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Provocative Questions, Better Biomarkers, and the Prospect of Triple Therapy: A Conversation With NYU's Jeffrey S. Weber, MD, PhD

Mary Caffrey
Ipililumumab's role in treating melanoma will change, as the immunotherapy will likely become part of different combinations than we see today.
It has been more than 4 years since The American Journal of Managed Care® first spoke with Jeffrey S. Weber, MD, PhD, about immunotherapy and specifically about ipilimumab (Yervoy, Bristol-Myers Squibb [BMS]).1,2 At the time, oncologists were still gaining an understanding of this class of cancer treatment, which activates the body’s own immune system by flipping the switches—or checkpoints—that regulate how the body attacks foreign cells and leaves healthy ones alone. Payers were coming to grips with the price: The drug cost $120,000 a year, an amount that would be eclipsed by combination therapy.3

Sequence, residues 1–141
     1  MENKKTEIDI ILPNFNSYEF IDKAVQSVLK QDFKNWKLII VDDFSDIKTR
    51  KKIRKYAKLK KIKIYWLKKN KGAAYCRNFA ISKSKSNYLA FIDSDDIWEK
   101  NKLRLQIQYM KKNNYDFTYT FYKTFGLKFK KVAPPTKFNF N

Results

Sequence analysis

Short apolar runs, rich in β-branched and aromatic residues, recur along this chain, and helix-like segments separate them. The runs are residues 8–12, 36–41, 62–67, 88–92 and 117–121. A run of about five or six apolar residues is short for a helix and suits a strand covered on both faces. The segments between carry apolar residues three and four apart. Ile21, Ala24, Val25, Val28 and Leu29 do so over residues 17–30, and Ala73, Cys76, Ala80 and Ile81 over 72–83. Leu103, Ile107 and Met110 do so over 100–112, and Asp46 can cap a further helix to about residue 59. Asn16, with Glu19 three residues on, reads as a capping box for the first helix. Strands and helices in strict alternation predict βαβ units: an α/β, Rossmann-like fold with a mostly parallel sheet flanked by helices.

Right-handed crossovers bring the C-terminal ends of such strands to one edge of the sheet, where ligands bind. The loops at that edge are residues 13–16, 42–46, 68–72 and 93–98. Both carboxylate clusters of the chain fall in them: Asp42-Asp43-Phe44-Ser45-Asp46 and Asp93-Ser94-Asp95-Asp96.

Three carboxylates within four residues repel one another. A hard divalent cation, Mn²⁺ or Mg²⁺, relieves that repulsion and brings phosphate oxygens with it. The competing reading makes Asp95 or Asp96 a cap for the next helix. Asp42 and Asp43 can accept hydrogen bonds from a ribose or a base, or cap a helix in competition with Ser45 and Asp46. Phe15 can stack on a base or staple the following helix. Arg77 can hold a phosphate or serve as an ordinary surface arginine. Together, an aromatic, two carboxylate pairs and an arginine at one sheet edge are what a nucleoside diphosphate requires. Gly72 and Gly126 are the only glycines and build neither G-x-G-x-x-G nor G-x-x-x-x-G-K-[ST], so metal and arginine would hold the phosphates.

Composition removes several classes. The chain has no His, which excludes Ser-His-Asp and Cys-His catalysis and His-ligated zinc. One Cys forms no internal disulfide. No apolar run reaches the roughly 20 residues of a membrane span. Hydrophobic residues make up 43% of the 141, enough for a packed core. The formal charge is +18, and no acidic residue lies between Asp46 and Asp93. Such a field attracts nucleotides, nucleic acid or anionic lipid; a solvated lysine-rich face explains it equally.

Ipilimumab did not work for everyone. But when it did, patients with the deadliest form of skin cancer—who would have survived just months on chemotherapy—now survived years. A 2013 article Weber coauthored found survival rates of 37.7% to 49.5% at the 4-year mark for treatment-naive patients in phase 2 trials.4

Much has changed since then, both for immunotherapy and for Weber, who has been a leader in bringing basic research into clinical practice for more than 20 years. In November 2015, he left the H. Lee Moffitt Cancer Center & Research Institute in Tampa, Florida, to become deputy director of the Laura and Isaac Perlmutter Cancer Center at New York University Langone Medical Center.5 As Weber points out, today there are more checkpoint inhibitors—including nivolumab (Opdivo, BMS)6 and pembrolizumab (Keytruda, Merck)7— approved for many more cancers, such as non–small cell lung cancer, renal cell cancer, head-and-neck cancers, Hodgkin lymphoma, and colon cancer.8 In the case of ipilimumab, the target is cytotoxic T-lymphocyte antigen-4. Both nivolumab and pembrolizumab target the programmed cell death 1 (PD-1) protein.